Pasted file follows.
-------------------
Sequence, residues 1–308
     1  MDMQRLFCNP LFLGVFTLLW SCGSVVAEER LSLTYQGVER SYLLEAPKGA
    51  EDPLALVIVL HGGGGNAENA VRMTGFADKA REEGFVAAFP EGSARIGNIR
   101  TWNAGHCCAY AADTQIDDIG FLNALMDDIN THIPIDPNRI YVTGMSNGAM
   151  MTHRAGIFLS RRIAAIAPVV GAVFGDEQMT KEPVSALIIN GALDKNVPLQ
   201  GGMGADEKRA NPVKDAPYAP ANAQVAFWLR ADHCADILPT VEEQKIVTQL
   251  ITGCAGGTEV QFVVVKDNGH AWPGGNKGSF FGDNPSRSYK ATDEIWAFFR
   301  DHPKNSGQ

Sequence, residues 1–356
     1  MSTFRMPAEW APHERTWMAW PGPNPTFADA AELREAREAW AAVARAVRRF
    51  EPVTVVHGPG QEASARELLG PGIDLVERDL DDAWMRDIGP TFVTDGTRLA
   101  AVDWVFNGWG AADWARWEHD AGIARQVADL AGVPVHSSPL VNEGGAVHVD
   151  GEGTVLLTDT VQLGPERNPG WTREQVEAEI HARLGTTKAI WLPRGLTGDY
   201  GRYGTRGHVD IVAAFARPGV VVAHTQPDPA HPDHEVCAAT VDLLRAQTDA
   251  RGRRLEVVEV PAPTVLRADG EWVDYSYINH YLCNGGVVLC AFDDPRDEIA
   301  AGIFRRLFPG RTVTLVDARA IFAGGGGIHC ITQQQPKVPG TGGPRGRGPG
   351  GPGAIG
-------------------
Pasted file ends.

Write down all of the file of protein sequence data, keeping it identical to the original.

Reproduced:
Sequence, residues 1–308
     1  MDMQRLFCNP LFLGVFTLLW SCGSVVAEER LSLTYQGVER SYLLEAPKGA
    51  EDPLALVIVL HGGGGNAENA VRMTGFADKA REEGFVAAFP EGSARIGNIR
   101  TWNAGHCCAY AADTQIDDIG FLNALMDDIN THIPIDPNRI YVTGMSNGAM
   151  MTHRAGIFLS RRIAAIAPVV GAVFGDEQMT KEPVSALIIN GALDKNVPLQ
   201  GGMGADEKRA NPVKDAPYAP ANAQVAFWLR ADHCADILPT VEEQKIVTQL
   251  ITGCAGGTEV QFVVVKDNGH AWPGGNKGSF FGDNPSRSYK ATDEIWAFFR
   301  DHPKNSGQ

Sequence, residues 1–356
     1  MSTFRMPAEW APHERTWMAW PGPNPTFADA AELREAREAW AAVARAVRRF
    51  EPVTVVHGPG QEASARELLG PGIDLVERDL DDAWMRDIGP TFVTDGTRLA
   101  AVDWVFNGWG AADWARWEHD AGIARQVADL AGVPVHSSPL VNEGGAVHVD
   151  GEGTVLLTDT VQLGPERNPG WTREQVEAEI HARLGTTKAI WLPRGLTGDY
   201  GRYGTRGHVD IVAAFARPGV VVAHTQPDPA HPDHEVCAAT VDLLRAQTDA
   251  RGRRLEVVEV PAPTVLRADG EWVDYSYINH YLCNGGVVLC AFDDPRDEIA
   301  AGIFRRLFPG RTVTLVDARA IFAGGGGIHC ITQQQPKVPG TGGPRGRGPG
   351  GPGAIG